50th Anniversary of the Civil Rights Act of 1964

The Civil Rights Act of 1964 (Pub.L. 88–352, 78 Stat. 241) was signed into law by President Lyndon Johnson on July 2, 1964. The Act prohibits discrimination in public places, bans segregation in schools,and makes employment discrimination on the basis of race, color, religion, sex or national origin illegal. It also created the Equal Employment Opportunity Commission

Learn more about the Civil Rights Act:

 

Brown at 60

The Supreme Court issued its decision in Brown v. Board of Education on May 17, 1954.

Please take a few minutes to view the library’s atrium display commemorating the 60th anniversary of the Brown decision. This exhibit includes historical images and highlights some of the library’s print materials related to Brown.  There are also numerous digital resources that may be of interest, including:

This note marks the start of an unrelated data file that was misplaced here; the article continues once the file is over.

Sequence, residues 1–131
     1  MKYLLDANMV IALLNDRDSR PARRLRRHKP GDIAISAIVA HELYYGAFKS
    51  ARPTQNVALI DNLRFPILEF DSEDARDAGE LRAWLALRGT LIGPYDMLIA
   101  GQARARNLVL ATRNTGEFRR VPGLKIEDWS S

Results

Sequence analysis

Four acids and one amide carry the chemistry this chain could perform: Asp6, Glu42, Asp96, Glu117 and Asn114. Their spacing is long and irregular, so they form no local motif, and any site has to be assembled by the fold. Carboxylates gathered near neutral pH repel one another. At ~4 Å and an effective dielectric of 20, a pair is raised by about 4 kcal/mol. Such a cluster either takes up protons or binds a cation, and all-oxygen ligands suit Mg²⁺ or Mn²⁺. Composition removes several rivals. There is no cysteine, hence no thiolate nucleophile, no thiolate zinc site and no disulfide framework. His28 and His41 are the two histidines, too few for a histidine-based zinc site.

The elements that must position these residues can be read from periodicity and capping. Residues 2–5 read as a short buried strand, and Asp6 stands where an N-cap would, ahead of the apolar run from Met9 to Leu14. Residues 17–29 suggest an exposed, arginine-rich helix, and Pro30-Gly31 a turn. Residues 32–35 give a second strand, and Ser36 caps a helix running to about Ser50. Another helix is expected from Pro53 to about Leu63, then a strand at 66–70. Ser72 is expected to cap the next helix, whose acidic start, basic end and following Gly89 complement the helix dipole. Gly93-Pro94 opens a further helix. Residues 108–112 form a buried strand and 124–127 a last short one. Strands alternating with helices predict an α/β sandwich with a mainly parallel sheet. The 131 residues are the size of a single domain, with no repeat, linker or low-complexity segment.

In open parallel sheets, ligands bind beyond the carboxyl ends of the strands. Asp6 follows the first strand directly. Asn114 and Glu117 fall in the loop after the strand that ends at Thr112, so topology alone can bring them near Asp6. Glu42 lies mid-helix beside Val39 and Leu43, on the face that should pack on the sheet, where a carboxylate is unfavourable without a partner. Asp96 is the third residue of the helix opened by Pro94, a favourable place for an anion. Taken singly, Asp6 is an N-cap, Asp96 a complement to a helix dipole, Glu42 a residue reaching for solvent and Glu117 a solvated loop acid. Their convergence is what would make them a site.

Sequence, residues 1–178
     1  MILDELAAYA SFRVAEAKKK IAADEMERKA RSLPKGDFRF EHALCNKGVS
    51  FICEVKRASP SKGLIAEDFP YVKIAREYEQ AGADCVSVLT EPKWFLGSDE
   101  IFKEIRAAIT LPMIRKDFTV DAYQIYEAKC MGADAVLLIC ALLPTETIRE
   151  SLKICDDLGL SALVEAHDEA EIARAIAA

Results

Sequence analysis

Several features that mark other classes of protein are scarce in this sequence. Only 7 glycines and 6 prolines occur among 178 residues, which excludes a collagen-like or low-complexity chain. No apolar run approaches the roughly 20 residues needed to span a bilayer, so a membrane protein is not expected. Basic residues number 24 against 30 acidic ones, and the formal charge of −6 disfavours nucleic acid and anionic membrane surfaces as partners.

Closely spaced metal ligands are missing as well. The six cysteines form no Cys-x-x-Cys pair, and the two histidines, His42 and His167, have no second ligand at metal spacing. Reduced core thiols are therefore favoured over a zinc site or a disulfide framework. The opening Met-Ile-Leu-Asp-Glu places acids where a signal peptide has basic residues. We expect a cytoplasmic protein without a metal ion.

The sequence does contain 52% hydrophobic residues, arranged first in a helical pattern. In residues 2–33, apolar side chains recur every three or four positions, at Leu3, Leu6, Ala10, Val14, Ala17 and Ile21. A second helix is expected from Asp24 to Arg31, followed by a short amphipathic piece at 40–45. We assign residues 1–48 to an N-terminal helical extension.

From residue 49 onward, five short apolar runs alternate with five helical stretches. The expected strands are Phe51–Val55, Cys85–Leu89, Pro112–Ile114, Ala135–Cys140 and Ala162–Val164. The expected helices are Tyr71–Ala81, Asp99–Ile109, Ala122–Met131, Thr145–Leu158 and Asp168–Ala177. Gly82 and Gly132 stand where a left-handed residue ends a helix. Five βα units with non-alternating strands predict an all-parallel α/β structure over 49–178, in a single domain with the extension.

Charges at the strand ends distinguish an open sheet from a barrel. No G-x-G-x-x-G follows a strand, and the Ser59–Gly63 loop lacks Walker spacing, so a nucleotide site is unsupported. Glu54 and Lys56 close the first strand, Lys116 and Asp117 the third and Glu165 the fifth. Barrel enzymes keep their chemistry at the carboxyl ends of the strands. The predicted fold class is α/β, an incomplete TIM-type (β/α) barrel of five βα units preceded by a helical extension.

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50th Anniversary of the March on Washington

Wednesday, August 28 marks the 50th Anniversary of the historic “March on Washington for Jobs and Freedom.” Among the far reaching impact of this event was helping to pave the way for two significant legal changes: ratification of the Twenty Fourth Amendment to the U.S. Constitution (passed by Congress August 27, 1962, ratified January 23, 1964) which outlawed the poll tax, and passage of the Civil Rights Act of 1964, desegregating public institutions and prohibiting discrimination based on race, color, national origin, sex, and religion.

In addition to the information about this anniversary that will be available from traditional news sources, here are few other resources that may be of interest:

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